Say you've just finished directing (and writing) one of the highest-grossing movies in history — a superhero super-epic that super-redeems you from past underperformers. How do you possibly follow up that kind of astronomical success? ... Well, fine, you work on a TV spin-off of your franchise. But in addition to that, you conceive a microbudget adaptation of a Shakespeare comedy and shoot it in black-and-white. At your house.
Joss Whedon's new Much Ado About Nothing is pure, uncut catnip for his fans. From Buffy, there's Alexis Denisof and Tom Lenk. From Angel (in which Denisof also starred), there's Amy Acker (also of Cabin in the Woods). From Firefly, there's Nathan Fillion and Sean Maher. From Dollhouse (and Cabin), there's Fran Kranz. And from The Avengers, Agents Of S.H.I.E.L.D., and all the movies that led up to The Avengers, there's your old friend Clark Gregg. Should he have played Benedick instead of Denisof? Probably. But you can't have everything.
Kanye isn’t the only introspective, nation-dividing rapper who'll appear in Anchorman 2. A befro'd Drizzy Drake will also appear, flexing those Degrassi acting chops for the first time in a minute. He elaborated the casting process to Chelsea Handler thusly: "Anchorman was a huge part of my life. I used to have this car that would allow you to play DVDs illegally through the front dash. [Editor's note: Drake, what?] ... No music, just, like, Anchorman consistently looping over and over and over. So people would get in my car and you'd be mid–sex panther scene in Anchorman. So I asked [Will Ferrell] if I could do it and him and [Adam McKay] were phenomenal about it. They let me be part of the scene, I got to improv, I got to interact with [Christina Applegate] and [Ferrell] and I got to look like Blue Ivy, '70s." Process all that while you take in Drake's new "Hold On, We're Going Home" video, packed with gun-blasting, non-Kanye-inspired ski masks, A$AP Rocky cameos, and zero Drake–as–Blue Ivy looks.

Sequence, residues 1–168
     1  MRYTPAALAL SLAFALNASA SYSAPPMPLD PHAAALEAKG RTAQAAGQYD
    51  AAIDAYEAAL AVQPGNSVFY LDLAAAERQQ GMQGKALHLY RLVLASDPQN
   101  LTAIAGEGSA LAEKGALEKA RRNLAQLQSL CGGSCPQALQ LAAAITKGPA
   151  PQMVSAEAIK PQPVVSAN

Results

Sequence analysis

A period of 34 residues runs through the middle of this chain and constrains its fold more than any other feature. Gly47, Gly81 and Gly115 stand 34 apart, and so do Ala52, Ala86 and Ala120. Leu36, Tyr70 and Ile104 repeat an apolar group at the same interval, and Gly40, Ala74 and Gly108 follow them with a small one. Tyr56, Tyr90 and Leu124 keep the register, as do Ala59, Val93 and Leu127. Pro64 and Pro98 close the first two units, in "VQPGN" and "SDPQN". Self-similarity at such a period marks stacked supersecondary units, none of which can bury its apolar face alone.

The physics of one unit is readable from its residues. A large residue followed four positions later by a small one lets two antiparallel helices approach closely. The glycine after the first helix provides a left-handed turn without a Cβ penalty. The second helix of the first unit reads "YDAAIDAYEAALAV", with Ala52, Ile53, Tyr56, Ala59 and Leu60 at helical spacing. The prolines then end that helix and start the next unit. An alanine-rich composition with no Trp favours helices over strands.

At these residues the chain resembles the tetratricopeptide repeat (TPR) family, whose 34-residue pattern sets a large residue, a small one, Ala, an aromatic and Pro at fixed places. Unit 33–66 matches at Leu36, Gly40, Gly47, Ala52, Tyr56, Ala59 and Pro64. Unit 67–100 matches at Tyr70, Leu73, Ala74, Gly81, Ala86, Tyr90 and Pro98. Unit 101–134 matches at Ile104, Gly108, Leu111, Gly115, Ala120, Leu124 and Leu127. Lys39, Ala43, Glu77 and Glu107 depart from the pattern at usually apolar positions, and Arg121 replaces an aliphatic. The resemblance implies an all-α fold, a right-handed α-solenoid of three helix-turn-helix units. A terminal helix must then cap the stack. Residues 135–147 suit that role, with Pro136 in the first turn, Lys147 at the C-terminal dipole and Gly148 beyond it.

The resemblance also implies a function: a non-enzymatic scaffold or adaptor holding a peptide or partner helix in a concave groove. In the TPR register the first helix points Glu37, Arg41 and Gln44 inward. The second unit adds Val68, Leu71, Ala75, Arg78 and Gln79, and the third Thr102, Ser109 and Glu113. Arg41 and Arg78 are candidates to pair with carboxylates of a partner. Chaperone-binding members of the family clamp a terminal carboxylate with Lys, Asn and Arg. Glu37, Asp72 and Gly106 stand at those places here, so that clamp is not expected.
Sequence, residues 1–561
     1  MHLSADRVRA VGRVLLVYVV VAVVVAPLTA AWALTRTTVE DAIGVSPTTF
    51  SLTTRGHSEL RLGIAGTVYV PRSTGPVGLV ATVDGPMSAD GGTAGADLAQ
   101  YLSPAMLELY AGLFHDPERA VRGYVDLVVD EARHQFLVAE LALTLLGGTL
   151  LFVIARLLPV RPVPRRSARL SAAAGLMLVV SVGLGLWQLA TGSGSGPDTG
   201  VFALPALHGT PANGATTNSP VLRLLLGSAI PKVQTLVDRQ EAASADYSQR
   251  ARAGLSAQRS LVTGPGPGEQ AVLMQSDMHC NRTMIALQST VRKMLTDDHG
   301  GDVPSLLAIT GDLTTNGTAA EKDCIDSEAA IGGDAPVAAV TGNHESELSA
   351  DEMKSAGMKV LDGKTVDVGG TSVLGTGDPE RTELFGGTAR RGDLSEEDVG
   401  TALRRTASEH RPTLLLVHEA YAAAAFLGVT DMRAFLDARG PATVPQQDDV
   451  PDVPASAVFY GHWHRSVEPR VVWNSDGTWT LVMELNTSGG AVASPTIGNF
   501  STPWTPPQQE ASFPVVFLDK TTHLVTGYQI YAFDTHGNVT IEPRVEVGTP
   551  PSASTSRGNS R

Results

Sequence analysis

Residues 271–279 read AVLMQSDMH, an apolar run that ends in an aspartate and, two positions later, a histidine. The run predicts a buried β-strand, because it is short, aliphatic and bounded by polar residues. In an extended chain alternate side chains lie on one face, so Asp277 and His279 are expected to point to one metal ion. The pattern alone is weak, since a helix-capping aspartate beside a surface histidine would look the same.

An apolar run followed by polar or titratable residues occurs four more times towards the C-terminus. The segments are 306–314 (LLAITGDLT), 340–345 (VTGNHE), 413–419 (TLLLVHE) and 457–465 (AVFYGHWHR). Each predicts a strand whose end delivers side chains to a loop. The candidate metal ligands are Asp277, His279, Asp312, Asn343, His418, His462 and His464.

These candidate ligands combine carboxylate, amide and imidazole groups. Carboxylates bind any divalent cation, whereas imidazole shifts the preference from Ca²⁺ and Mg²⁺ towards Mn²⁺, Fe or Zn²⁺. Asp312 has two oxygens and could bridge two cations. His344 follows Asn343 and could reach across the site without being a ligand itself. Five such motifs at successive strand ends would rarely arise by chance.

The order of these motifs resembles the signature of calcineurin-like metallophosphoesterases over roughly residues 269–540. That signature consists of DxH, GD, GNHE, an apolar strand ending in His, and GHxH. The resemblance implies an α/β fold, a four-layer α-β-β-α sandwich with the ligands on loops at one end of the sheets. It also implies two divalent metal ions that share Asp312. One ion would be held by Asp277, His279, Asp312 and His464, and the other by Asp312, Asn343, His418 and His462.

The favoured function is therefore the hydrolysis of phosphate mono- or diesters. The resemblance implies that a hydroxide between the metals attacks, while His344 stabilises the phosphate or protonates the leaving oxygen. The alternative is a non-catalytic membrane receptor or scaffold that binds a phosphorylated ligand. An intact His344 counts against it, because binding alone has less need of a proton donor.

Earlier today, Marvel announced some big news: Ultron, the villain in the Avengers sequel, will be played by James Spader. James Spader? James Spader.
Since the moment that the very last frame of The Avengers flickered out, the fanboys have been speculating as to who'll bat cleanup after Loki. Thanks to a little after-credits teaser, smart money was on Thanos for a while; then, at Comic-Con, it was announced it was actually Ultron that Cap 'Merica and the crew was gonna do damage to in this sequel. (The flick's official title: The Avengers: Age of Ultron.) In the comic books, Ultron is one bloodthirsty killing machine of a sentient robot, and was created by Henry Pym, a.k.a. Ant-Man. Now, Ant-Man is getting his own Marvel movie, to be directed by Edgar Wright. But speculation is that in Age of Ultron, in the interest of simplicity and continuity, Ultron will be the bastard brainchild of genius playboy Tony Stark, The Avengers’ most dashing bad-ass. Meanwhile, director Joss Whedon has already confirmed that Ultron will have his pretty-much endless powers dialed back a bit. Speaking with EW, Whedon said:
The American Idol producers must be very tired. They've been retooling ceaselessly for so long that they're getting glassy-eyed and confused, the latest example being the return of Randy Jackson, who had hardly exited the old warhorse as a judge before reportedly being invited back as a mentor for next season, replacing Jimmy Iovine. TMZ is reporting thatAI’s powers that be are attempting to get Scooter Braun onboard (the headline politely reads "American Idol Wants Scooter Braun to Finger Next Kelly Clarkson"), but don't get your hopes up: Braun, apparently, isn't eager to take the job because he doesn't want to get recognized while he's grocery shopping.
On Wednesday, we pointed your attention to reports of renewed, possibly contentious negotiations between Robert Downey Jr. and the good-but-stingy folks at Marvel over future Iron Man and Avengers sequels. Today, more Marvel inside baseball, this time volunteered freely via Avengers lord of the realm Joss Whedon.
See, during the chatter about Downey's paychecks, as well as the paychecks for his superhero friends, the number $100 million was thrown out for Joss. As in, $100 million to make another Avengers. $100 million?! For the guy who can barely keep a show on the air for more than a season?!! No, you're right, it was too good to be true. And Joss himself set the record straight, in his trademark cheeky manner. From his comment on the site Whedonesque (via EW):